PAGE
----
The wireless adapter 120 also can include a wired interface to which one or more wires are coupled. For example, the wireless adapter 120 can include wires 220A and 220B, which couple the wireless adapter 120 to the switch 130. The wireless adapter 120 further can include a direct connection to the down lead 210, such as the wire 210D. Additionally, the wireless adapter 120 can include one or more components, such as an antenna 230 and a processor 240. The processor 240 can be a general purpose processor or a specialized processor adapted to facilitate communication over a particular protocol, such as Bluetooth. Further, the antenna 230 can be configured to transmit signals to and receive signals from a corresponding device, such as the wireless headset 110.

FIG. 2B also shows an exemplary wireless adapter 120 and a switch 130 housed in a switching unit 115. The switching unit 115 can be configured such that a wired connection to an external communication device is formed using a plug-and-jack connection. A plug 250 can be connected to an end of a cable 255 that is to be coupled to the switching unit 115. The plug 250 can have one or more prongs of any size, and each prong further can have one or more contacts. Further, the contacts can correspond to speaker and/or microphone connections associated with the external communication device. Additionally, the plug 250 can be detachably coupled with a jack 260 included in the switching unit 115. The jack 260 can include one or more contacts corresponding to the contacts of the plug 250. Further, one or more wires connected to the switch 130 and the wireless adapter 120 also can be coupled to contacts associated with the jack 260.

FIG. 2C also shows an exemplary wireless adapter 120 and a switch 130 housed in a switching unit 115. Additionally, a hand-held trigger switch 265 can be coupled to the switching unit 115. In some implementations, coupling the hand-held trigger switch 265 to the switching unit can disable the switch 130. Alternatively, both the switch 130 and the hand-held trigger switch 265 can be operable simultaneously, such that either can be used to switch signals between the wireless adapter 120 and the mobile communications device 140.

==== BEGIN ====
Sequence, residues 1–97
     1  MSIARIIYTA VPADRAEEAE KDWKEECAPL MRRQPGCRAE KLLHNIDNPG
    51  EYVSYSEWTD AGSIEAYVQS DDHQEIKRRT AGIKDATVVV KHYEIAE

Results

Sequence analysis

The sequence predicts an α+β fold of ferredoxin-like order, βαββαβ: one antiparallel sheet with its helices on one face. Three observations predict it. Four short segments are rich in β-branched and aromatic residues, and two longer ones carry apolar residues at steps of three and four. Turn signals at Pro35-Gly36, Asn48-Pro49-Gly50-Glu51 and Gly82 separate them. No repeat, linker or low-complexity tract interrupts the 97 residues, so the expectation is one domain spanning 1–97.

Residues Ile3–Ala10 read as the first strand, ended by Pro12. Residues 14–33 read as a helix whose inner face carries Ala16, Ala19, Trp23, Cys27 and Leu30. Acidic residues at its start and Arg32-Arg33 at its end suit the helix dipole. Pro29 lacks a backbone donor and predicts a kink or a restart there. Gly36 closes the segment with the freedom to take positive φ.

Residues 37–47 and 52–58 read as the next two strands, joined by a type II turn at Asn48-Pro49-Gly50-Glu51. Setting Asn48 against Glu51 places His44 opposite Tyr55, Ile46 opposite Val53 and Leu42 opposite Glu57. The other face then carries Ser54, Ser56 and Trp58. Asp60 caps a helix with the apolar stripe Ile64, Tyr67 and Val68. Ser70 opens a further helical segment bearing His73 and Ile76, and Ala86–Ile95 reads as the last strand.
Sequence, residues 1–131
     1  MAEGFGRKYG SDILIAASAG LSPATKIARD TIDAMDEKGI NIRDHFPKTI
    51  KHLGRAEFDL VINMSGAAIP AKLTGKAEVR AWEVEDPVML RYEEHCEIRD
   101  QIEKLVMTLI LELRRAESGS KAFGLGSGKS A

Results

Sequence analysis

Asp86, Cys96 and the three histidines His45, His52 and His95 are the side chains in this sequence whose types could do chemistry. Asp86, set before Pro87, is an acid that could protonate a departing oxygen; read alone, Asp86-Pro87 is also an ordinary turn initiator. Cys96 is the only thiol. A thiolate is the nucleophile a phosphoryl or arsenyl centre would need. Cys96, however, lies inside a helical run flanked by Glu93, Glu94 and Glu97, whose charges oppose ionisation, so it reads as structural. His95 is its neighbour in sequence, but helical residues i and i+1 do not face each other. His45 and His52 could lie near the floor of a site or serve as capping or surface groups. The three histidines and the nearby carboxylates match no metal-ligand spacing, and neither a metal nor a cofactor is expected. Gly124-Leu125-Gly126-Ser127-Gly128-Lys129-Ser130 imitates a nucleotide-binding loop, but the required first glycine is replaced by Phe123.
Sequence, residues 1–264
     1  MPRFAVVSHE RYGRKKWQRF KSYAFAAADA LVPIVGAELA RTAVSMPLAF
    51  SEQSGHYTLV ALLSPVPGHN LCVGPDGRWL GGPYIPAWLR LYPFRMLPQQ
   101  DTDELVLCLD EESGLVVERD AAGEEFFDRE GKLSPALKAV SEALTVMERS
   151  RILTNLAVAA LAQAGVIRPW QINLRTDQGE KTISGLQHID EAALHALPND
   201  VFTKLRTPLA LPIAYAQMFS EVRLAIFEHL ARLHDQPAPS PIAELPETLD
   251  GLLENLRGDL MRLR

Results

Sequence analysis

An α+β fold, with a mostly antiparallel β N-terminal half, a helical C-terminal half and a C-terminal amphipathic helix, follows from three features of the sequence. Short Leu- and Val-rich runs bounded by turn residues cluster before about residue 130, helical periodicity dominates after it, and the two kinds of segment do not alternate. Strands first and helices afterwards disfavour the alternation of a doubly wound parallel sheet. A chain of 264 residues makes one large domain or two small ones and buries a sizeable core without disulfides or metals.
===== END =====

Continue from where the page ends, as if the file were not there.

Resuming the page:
The hand-held trigger switch 265 can be coupled to the switching unit 115 through a cable 270, which can be fixedly or detachably coupled to a corresponding trigger interface 275. For example, the cable 270 can include a plug connector and the trigger interface 275 can include a jack configured to receive the plug connector. Further, the cable 270 can include one or more wires, connected through the trigger interface 275, which operably couple the hand-held trigger switch 265 to the components of the switching unit 115. For example, the wires 290A, 290B, and 290C can connect the trigger interface 275 with the down lead 210. Additionally, the trigger interface 275 can be coupled to the wireless adapter 120 through the wires 280A and 280B.

FIG. 3 shows an exemplary mobile communications device connector 300 coupled to the switch unit 115. The mobile communications device connector 300 can be configured as a dual-plug connector. In some implementations, a different plug configuration can be used based on the signals to be transmitted and/or the interface of the mobile communications device. For example, a plug connector such as a TRS connector also can be used. Further, the mobile communications device connector 300 can be coupled to the switching unit 115 by a cable 360 that includes one or more wires, such as at the down lead 210. In some implementations, the cable 360 also can include a plug connector that can be detachably coupled to the switch unit 115.

The mobile communications device connector 300 can include a plug body 350, a first plug 310, and a second plug 330. The first plug 310 and the second plug 330 can be of equal or different sizes. The first plug 310 can include a sleeve 315 and a tip 320, which are electrically conductive. Further, the first plug 310 can include one or more portions that correspond to signals received and/or generated by a particular system component, such as a microphone or a speaker. For example, the sleeve 315 of the first plug 310 can correspond to an electrically negative microphone connection and the tip 320 can correspond to an electrically positive microphone connection.